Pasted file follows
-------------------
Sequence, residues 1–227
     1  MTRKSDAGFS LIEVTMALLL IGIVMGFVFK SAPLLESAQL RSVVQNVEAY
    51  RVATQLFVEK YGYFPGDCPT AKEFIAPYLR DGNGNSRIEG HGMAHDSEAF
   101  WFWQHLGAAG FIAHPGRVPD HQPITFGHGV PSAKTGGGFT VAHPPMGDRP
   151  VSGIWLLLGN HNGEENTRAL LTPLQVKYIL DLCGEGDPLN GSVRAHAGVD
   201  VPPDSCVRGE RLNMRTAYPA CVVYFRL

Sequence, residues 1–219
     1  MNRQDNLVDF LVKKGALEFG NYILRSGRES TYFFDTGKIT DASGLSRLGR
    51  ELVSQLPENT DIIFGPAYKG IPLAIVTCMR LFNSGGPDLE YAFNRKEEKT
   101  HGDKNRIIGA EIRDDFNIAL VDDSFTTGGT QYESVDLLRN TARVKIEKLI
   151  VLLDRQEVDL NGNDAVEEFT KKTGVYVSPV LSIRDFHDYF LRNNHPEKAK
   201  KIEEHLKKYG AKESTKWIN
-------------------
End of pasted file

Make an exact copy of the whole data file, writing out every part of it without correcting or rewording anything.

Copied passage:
Sequence, residues 1–227
     1  MTRKSDAGFS LIEVTMALLL IGIVMGFVFK SAPLLESAQL RSVVQNVEAY
    51  RVATQLFVEK YGYFPGDCPT AKEFIAPYLR DGNGNSRIEG HGMAHDSEAF
   101  WFWQHLGAAG FIAHPGRVPD HQPITFGHGV PSAKTGGGFT VAHPPMGDRP
   151  VSGIWLLLGN HNGEENTRAL LTPLQVKYIL DLCGEGDPLN GSVRAHAGVD
   201  VPPDSCVRGE RLNMRTAYPA CVVYFRL

Sequence, residues 1–219
     1  MNRQDNLVDF LVKKGALEFG NYILRSGRES TYFFDTGKIT DASGLSRLGR
    51  ELVSQLPENT DIIFGPAYKG IPLAIVTCMR LFNSGGPDLE YAFNRKEEKT
   101  HGDKNRIIGA EIRDDFNIAL VDDSFTTGGT QYESVDLLRN TARVKIEKLI
   151  VLLDRQEVDL NGNDAVEEFT KKTGVYVSPV LSIRDFHDYF LRNNHPEKAK
   201  KIEEHLKKYG AKESTKWIN